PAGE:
Advanced Object Topics

Return to Object Page

This map demonstrates at least one of every relationship an object might have to other objects.  The Void contains Room and Some Thing.  Room is attached to Another Room. (Note: Another Room might not be considered present within The Void, since it is held by Room)  Within Room, A Comfy Chair and MOOSE are present.  MOOSE is holding (attached to) Held Object.  MOOSE contains (possesses) one and two.

From MOOSE's perspective, one, two, Held Object, Comfy Chair, Another Room, and Room are all visible.  MOOSE could /ENTER Another Room and Comfy Chair.  MOOSE could /LEAVE and be in The Void.  If MOOSE were given a command, which was a macro name, it would check first its own macros, then the macros of Room.  Regardless of where the macro is found, the variables used are ALWAYS contained within the active object.

There will come a time when more than one object of the same name will be visible.  When there are more than one objects of the same name 1.object, 2.object, n.object, can be used to select objects other than the first.  Objects are checked for presence first in the contents of self, then held objects, and finally then objects in the same room.  Many commands check only these, the set of 'grabbable' objects.  Some commands will additionally check objects attached to the current room, and then the room the object is in.  A DESTROY command will then check macros on the current object for a match.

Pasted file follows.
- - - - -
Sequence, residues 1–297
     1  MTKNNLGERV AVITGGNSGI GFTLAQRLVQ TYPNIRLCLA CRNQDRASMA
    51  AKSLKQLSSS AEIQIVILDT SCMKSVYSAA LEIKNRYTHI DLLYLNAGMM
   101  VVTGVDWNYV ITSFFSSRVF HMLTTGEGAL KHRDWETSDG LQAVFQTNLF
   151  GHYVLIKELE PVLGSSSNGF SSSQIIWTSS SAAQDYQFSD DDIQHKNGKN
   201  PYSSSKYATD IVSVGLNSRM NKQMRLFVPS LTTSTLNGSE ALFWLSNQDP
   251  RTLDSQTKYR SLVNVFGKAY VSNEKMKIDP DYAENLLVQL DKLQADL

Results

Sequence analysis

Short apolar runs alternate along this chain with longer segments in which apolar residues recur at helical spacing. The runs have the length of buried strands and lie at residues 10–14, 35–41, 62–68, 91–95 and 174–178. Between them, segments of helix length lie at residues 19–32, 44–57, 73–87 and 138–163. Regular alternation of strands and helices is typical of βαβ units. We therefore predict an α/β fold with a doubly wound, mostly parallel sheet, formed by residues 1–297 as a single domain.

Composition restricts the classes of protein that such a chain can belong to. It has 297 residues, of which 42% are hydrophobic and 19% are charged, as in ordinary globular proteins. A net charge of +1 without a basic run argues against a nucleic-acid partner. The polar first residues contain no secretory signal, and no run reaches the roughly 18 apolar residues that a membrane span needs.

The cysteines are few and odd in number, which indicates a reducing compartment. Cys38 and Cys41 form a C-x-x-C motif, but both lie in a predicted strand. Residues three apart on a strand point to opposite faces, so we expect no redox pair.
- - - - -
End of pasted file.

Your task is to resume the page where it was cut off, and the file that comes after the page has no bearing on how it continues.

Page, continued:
When a macro is defined it is stored in the current object.  When a command is entered to invoke a macro, the current object is checked first, if the macro is not found, the object containing the current is checked.  This allows macros for 'rooms' to be defined, so any object within it may use the macro.  Only these two levels are checked.  An object does not have to be aware to have a macro defined for it; /macro [IN [object]] [name] [parameters...] will define a macro in the specified object, if the object is visible.

When a variable is declared, the variable is stored in the object.  If the variable is declared within a macro, the variable is stored in the current macro state.  A variable can be defined in any visible object using '/declare in [object] [varname] [value...]'.  If the object specified is visible, this command will succeed.  When a macro references a variable, first the parameters to the macro are checked, then the macros defined in the current macro state, and finally the variables defined for the object.  If the variable is found in the object's variable space, subsequent declares will modify that value, not create a new one in the macro state.

Return to Object Page